Father More’s confrontation with death opened me to possibilities that were nonexistent in the scientific and intellectual traditions in which I had been raised. Over time, I began to explore realities that transcend those we know through science and technology. As the physicist Werner Heisenberg wrote, “Scientific concepts cover only a very limited part of reality, and the part that has not yet been understood is infinite.”
Medical science teaches that we are biological beings, functioning according to physiological principles that are governed by genetic codes and their biochemical elaborations. Father More showed me that such reductionist notions are simplistic, and don’t begin to recognize or value the vast complexity of human beings. William James said, “Rational consciousness as we call it, is but one special type of consciousness, whilst all around it, parted from it by the filmiest of screens, there lie potential forms of consciousness entirely different…No account of the universe in its totality can be final which leaves these disregarded…They cannot furnish formulas. They open a region, though they fail to give a map.”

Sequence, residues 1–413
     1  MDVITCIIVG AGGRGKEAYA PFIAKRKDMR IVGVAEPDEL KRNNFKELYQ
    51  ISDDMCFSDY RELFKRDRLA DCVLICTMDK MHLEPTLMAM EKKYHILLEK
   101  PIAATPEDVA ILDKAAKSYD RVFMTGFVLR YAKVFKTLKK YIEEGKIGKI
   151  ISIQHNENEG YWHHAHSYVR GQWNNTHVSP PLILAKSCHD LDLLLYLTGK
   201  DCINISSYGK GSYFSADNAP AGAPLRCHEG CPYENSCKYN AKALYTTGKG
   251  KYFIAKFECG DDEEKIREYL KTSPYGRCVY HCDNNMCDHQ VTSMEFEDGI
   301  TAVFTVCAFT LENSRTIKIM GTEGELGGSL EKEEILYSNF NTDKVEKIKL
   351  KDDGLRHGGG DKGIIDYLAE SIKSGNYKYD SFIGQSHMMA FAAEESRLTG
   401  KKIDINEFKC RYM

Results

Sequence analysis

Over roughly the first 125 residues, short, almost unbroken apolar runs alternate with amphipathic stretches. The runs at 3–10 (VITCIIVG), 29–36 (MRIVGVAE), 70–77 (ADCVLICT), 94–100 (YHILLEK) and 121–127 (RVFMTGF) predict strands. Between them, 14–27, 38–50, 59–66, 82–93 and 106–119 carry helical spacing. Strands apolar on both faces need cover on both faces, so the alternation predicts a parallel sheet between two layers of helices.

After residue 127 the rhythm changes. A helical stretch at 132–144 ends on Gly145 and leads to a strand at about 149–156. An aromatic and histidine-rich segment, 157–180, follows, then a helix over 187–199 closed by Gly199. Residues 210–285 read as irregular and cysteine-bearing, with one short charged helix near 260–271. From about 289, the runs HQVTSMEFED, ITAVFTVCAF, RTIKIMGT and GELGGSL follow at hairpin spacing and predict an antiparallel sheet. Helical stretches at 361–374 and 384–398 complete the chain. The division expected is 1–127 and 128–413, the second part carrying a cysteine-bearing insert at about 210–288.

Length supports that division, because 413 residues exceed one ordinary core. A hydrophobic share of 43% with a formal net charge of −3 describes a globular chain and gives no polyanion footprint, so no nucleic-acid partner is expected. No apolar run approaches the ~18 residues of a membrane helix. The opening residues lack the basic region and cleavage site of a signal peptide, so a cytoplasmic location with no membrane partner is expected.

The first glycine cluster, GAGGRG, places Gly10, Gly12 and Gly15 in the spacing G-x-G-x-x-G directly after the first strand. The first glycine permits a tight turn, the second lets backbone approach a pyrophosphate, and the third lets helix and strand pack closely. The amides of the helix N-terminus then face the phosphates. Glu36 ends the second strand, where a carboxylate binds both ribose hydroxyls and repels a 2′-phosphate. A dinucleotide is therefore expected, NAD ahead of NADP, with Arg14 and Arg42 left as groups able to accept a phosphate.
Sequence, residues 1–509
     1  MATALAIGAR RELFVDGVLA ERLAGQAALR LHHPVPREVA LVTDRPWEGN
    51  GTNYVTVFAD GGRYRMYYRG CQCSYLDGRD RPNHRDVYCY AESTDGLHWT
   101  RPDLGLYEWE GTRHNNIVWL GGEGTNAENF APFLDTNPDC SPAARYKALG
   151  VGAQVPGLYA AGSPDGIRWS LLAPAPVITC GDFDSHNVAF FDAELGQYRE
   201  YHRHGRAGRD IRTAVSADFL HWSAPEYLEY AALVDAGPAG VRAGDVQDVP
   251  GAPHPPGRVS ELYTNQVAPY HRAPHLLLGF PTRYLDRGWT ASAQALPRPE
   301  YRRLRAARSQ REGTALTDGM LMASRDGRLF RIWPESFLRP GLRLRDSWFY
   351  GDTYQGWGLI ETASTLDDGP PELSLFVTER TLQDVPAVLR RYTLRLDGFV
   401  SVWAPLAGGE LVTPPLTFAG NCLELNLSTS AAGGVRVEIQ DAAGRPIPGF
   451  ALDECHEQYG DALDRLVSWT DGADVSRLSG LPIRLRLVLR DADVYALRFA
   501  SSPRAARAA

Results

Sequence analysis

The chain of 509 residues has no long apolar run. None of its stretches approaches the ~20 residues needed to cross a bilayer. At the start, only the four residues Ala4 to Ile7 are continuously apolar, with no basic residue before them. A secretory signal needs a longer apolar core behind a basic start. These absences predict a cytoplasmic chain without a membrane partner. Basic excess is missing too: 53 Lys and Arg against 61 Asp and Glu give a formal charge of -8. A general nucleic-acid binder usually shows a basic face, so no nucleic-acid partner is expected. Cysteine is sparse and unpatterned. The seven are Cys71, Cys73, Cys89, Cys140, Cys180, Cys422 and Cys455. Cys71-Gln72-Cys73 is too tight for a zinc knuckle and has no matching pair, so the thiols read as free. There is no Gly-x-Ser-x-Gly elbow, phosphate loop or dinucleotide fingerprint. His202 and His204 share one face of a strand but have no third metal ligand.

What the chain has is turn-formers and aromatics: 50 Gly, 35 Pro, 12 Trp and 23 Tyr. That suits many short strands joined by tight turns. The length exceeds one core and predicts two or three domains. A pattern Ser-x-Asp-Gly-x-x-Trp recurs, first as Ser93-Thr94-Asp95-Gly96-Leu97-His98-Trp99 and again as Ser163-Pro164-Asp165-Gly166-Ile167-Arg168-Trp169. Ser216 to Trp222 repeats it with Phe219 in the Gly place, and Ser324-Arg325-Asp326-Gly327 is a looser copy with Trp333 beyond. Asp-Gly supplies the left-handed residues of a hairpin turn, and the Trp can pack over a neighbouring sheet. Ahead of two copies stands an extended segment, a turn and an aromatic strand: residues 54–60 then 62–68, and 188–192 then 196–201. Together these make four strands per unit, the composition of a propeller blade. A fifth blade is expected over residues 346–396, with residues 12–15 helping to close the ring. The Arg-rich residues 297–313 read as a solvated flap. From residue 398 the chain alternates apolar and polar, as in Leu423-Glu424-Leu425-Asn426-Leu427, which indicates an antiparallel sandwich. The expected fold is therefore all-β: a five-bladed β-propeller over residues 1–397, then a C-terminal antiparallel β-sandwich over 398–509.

All of us have experienced moments when we are lost in a sunset, the rapture of love, or a religious experience. At such times, the ordinary sense of our separateness evaporates, and we often feel at one with the universe. Perhaps in those moments, we have briefly entered another reality not dissimilar to what Father More described during his out-of-body experiences.
Were Father More’s experiences hallucinations—abnormalities of brain chemistry and nerve function caused by oxygen deprivation? Or were they visions—vivid, life-altering occurrences during which something appears within one’s consciousness that profoundly effects the heart and soul, perhaps even under the influence of a divine or spiritual dimension?